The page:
|Publication number||US5506868 A|
|Application number||US 08/296,091|
|Publication date||Apr 9, 1996|
|Filing date||Aug 25, 1994|
|Priority date||Jun 17, 1991|
|Also published as||DE69212917D1, EP0519795A1, EP0519795B1|
|Publication number||08296091, 296091, US 5506868 A, US 5506868A, US-A-5506868, US5506868 A, US5506868A|
|Inventors||Robert Cox, Eric Gradeler, Barry Hochfield, Philippe Le Bars, Rodger J. Mohme, Steven J. Young|
|Original Assignee||Apple Computer, Inc.|
|Export Citation||BiBTeX, EndNote, RefMan|
|Patent Citations (2), Non-Patent Citations (4), Referenced by (40), Classifications (7), Legal Events (6)|
|External Links: USPTO, USPTO Assignment, Espacenet|
This is a continuation of application Ser. No. 07/899,265, filed Jun. 16, 1992, now abandoned.
The present invention relates in general to a modulator/demodulator (modem) for a computer or the like.
Personal computers are being equipped more and more frequently with modems, enabling them to communicate with remote computers via the telephone network.
Simultaneously, portable computers are being used more and more, and they have the specific purpose of travelling with their users and thus of being used in different countries.
However, in most countries, any device, such as a modem, for connection to the public telephone network of the country, must be specifically approved ("PTT approved"), which approval is obtained by a special approval procedure, and has the purpose of ensuring that certain electrical characteristics of the device are suitable for operating on the network. These electrical characteristics vary from one country to another.
Thus, to be able to use a portable computer with its modem in different countries, it is necessary at present to possess a plurality of interchangeable modem cards, each approved for a specific country. This procedure is naturally expensive and bulky, thereby causing a portable computer to lose much of its theoretical advantage, in practice.
To mitigate this drawback, proposals have already been made in the prior art to provide a modem fitted with a modulator/demodulator circuit associated with a computer interface circuit, which circuits are common for all countries, and a telephone line interface circuit which varies depending on the country of use. Thus, a portable computer user who desires to be able to connect the computer to the public telephone networks of different countries merely needs to possess a single main modem card which is permanently installed in the computer, together with a plurality of telephone line interfaces. Such modems are described in FR-A-2 652 173 and EP-A-0 309 627.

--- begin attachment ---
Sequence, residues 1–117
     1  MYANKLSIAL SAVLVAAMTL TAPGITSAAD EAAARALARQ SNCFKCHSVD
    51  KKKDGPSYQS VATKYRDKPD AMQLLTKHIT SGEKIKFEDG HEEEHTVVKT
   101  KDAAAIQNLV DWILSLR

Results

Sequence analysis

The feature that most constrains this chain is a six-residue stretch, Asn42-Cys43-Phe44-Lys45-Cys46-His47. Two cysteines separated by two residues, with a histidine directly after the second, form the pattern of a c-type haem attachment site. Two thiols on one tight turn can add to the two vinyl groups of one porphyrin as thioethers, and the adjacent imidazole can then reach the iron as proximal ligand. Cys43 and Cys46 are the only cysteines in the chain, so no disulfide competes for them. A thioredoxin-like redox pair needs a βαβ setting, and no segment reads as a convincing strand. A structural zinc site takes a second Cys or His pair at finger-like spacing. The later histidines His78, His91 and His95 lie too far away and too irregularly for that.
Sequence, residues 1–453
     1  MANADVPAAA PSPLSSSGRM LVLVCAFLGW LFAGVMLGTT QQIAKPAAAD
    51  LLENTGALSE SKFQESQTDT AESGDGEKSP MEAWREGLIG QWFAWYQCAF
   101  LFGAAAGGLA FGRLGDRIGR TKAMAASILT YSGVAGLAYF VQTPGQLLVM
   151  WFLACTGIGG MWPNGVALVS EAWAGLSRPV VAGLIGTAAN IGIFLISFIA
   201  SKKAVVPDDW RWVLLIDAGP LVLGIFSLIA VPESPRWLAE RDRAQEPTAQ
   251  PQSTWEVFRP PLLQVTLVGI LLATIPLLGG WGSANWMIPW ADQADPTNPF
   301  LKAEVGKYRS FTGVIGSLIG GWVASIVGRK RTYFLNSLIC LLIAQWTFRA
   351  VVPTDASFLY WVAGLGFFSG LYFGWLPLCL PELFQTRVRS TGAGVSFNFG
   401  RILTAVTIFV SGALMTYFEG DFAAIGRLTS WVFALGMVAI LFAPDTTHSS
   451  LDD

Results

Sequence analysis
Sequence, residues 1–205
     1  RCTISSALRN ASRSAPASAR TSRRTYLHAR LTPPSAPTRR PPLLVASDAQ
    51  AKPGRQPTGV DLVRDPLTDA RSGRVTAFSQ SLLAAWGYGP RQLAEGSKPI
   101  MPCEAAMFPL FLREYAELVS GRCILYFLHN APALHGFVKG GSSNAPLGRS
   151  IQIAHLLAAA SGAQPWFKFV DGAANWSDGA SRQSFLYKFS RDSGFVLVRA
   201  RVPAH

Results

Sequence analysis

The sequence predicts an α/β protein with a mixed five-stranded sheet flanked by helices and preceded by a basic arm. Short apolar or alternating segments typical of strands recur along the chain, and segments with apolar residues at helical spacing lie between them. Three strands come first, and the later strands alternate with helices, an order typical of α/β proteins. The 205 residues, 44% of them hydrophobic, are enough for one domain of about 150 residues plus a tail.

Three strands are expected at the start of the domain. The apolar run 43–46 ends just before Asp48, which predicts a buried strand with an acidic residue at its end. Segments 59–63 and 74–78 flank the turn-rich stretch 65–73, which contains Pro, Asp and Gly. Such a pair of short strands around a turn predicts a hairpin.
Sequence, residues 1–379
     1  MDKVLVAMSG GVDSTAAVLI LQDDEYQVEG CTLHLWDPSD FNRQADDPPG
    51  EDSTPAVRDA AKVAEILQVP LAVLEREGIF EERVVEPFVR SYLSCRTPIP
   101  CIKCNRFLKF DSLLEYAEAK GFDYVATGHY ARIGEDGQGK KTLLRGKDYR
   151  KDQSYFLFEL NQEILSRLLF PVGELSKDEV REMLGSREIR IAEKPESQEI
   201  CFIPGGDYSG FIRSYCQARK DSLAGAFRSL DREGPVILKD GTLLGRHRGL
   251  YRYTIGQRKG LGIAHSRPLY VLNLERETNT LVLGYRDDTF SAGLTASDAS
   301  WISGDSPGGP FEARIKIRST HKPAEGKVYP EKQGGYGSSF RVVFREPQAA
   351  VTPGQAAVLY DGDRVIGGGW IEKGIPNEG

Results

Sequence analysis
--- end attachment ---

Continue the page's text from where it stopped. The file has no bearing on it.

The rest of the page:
However, the above-mentioned drawbacks are not eliminated, they are merely reduced. The user still needs to possess a plurality of different telephone line interface boxes, and must swap them over as necessary each time the computer is to be connected to the public telephone network of a new country.
The present invention seeks to eliminate the said drawbacks and to provide a modem for which the circuitry is identical for all countries, with hardware matching being performed for use in different countries without physically removing or adding components, and in a manner that is transparent to the user.
To this end, in a first aspect, the present invention provides a modem for connecting a computer or the like to a line of a telephone network, the modem being of the type that includes a control logic circuit and a modulator/demodulator circuit, a computer interface circuit, and a telephone line interface circuit, wherein the telephone line interface circuit comprises:
a plurality of terminals for control signals;
switching means controlled by the control signals; and
a plurality of components connected to the switching means so as to cause the AC impedance and DC voltage/current characteristics of the circuit to vary as a function of the received control signals;
wherein an identification circuit is also provided including means for reading information representative of the country in which the modem is being used, which information is contained in means for connecting the modem to the telephone line; and
wherein the control logic circuit is suitable for applying control signals that are determined as a function of the information read to the telephone line interface circuit.
In another aspect, the present invention provides a modem for connecting a computer to a line of a telephone network, the modem being of the type comprising a control logic circuit and a modulator/demodulator, a computer interface circuit and a telephone line interface circuit, wherein the modem comprises:
an AC loop including an impedance matching transformer and a capacitor connected in series on the telephone line;
a DC loop comprising a rectifier bridge whose input is connected to the line and whose output is connected to a series connection of a circuit that is resistive and optionally inductive, together with means for opening and closing the DC loop;
first switching means for varying the impedance of the AC loop at the side of the transformer other than its side connected to the telephone line;
second switching means for varying the configuration of the resistive circuit in the DC loop; and